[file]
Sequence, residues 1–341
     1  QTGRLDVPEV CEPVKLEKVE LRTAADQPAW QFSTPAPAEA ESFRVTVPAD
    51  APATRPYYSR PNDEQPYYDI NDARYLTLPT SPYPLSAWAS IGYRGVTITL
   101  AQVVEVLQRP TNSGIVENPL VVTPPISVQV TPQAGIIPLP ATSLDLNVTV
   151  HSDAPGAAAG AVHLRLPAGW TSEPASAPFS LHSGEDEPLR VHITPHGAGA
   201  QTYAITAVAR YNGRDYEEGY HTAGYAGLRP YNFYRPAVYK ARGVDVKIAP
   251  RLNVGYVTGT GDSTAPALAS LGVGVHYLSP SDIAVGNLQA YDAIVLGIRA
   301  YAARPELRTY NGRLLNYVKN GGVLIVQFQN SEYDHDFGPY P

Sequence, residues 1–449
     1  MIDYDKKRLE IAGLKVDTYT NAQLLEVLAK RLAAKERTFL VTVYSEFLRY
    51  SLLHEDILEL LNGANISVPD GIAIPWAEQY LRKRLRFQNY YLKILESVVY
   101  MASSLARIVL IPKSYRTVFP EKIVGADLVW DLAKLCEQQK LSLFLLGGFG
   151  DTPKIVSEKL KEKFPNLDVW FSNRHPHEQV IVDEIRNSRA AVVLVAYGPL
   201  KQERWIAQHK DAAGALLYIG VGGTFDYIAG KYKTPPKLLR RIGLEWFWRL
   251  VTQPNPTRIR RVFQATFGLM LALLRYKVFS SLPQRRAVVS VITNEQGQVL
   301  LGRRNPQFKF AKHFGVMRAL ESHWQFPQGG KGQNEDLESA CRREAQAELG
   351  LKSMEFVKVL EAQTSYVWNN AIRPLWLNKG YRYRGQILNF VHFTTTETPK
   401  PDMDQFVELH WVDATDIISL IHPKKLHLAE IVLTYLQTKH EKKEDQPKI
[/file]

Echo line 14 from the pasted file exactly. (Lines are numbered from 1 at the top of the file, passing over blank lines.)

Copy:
   201  KQERWIAQHK DAAGALLYIG VGGTFDYIAG KYKTPPKLLR RIGLEWFWRL